What about 2002? Preliminary figures for January show just over 16,000 applications, about on a par with January 1999. If filings for the rest of 2002 continue at that rate, they will fall below 200,000 for the first year since 1997, representing a 10 percent decrease from 2001.


The decade-long boom in new trademarks, and the decline in 2001, has affected businesses, the trademark office and the legal profession in a variety of ways.

Since each new application potentially blocks someone else from using a similar mark in the same field, boom times at the trademark office have meant frustration for marketers, corporate identity consultants and others who must create and select new marks. As a result, it's difficult to find a new trademark that isn't already spoken for. Even though filings had a sharp decline in 2001, the overall level of trademark filings last year was still double that of a decade ago. It is unquestionably more laborious and difficult to find an available trademark in 2001 than it was in 1991.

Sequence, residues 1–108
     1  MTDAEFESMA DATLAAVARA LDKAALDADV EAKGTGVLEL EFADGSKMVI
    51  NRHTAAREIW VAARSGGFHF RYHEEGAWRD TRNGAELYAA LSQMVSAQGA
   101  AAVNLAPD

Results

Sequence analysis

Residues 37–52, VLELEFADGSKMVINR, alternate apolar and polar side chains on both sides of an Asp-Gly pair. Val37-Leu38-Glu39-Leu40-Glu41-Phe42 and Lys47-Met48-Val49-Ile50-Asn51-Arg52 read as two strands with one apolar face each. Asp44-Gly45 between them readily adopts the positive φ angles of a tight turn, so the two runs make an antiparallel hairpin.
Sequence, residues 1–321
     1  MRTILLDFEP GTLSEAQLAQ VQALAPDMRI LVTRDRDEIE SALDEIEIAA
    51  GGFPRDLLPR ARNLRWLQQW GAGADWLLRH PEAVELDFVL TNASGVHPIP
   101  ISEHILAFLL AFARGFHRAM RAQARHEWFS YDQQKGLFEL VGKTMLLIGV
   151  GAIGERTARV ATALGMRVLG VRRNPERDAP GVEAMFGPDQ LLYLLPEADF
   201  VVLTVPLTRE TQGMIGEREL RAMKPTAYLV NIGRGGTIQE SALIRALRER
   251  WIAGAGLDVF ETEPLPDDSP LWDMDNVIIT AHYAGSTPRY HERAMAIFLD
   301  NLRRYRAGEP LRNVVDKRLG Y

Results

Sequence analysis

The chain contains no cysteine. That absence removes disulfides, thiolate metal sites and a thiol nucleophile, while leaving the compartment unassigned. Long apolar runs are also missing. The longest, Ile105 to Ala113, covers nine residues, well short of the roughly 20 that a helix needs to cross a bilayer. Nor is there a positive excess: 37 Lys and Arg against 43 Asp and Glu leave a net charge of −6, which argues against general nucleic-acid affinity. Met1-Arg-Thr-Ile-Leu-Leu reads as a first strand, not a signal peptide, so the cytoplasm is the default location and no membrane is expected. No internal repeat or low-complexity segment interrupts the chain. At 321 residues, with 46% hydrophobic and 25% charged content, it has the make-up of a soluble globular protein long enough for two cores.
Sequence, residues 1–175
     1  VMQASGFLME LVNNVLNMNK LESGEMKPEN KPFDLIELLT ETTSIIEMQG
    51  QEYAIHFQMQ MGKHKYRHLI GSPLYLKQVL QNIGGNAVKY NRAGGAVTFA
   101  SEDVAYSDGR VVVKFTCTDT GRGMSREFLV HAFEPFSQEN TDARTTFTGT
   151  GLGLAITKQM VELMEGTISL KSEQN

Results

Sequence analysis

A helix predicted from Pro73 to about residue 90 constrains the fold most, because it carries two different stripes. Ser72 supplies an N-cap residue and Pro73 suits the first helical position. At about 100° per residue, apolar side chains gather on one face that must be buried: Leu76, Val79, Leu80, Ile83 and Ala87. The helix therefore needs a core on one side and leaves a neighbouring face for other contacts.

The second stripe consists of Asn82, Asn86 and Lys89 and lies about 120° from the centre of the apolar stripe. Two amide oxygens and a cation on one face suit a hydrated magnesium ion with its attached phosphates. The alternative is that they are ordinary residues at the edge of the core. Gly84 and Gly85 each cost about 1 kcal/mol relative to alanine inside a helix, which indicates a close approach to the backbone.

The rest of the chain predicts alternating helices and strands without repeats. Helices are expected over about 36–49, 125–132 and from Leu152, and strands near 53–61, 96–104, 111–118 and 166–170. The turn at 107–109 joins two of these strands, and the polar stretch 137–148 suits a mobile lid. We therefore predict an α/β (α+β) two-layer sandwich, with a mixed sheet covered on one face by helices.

Not every application represents an actual new product or business. In fact, a large portion of the marks in new applications are never used, but they contribute to the brand-name-choice gridlock while they are pending -- and they can remain pending for a very long time. A company signals its intent to use a mark by filing an application, but has at the very least 3 1/2 years (usually longer) to start using the mark and get a registration. As long as an application is pending, it deters other companies from adopting similar marks for competing or related products.